“Chaninah” by Steve Pollack

On feather filled pillows
he reclines easy as evening
crowned by a Cantor’s tower
castle shadows on sable hair,
white robe billowing
as if a cumulus cloud.

In sundown sky he presides
over minyan of five sons and wives
who sip sweet wine four times
with stained glass blessings,
children on shins a threshold
away, ask why in four questions.

Each year on the same full moon
he appears with Elijah, cloaked
in melodies at mystery’s doorway,
a virtual choir of crystal vibration
stirring psalms and folksongs,
midnight verses accelerando.

Like ten plagues passing over
a violent sea split in two, forty years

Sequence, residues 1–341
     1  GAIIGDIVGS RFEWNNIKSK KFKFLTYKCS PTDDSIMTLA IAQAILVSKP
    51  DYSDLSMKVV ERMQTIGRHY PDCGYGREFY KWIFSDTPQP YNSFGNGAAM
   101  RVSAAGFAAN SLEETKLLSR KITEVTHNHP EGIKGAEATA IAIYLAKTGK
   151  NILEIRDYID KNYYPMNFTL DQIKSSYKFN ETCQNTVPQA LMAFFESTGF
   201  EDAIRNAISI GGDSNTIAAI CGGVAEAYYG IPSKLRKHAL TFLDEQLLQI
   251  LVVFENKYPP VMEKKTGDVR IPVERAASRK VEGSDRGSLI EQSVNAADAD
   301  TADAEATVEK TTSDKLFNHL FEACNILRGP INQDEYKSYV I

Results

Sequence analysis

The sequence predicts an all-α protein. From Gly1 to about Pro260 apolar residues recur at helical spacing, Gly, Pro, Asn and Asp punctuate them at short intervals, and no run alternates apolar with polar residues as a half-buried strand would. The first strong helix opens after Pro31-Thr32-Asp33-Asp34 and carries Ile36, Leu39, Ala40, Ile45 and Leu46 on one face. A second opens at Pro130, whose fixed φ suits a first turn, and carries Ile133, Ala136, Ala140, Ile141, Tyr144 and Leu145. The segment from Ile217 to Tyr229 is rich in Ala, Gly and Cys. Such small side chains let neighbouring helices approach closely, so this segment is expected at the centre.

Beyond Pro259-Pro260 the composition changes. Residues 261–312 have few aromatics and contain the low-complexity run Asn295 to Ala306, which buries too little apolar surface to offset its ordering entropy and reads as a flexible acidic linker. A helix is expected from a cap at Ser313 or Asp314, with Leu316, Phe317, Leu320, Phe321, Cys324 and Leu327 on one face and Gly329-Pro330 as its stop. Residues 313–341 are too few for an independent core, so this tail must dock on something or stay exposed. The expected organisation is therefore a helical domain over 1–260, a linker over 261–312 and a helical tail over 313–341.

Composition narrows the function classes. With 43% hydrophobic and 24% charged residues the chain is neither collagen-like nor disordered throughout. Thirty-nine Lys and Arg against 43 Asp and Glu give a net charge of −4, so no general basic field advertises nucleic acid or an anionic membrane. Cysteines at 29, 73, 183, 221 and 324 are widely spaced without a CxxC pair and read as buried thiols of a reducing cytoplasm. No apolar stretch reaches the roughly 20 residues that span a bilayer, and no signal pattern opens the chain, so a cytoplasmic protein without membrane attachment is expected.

wandering to a land promised,
this family around that table
on a night different from all others
nothing less, a quiet miracle.

Steve Pollack hit half-balls with broomsticks and rode the Frankford El to Drexel University. He advised governments, directed a community housing corporation, built hospitals and public schools.

Poetry found him later. He serves on the advisory board of the Montgomery County Poet Laureate program and sings bass with Nashirah.

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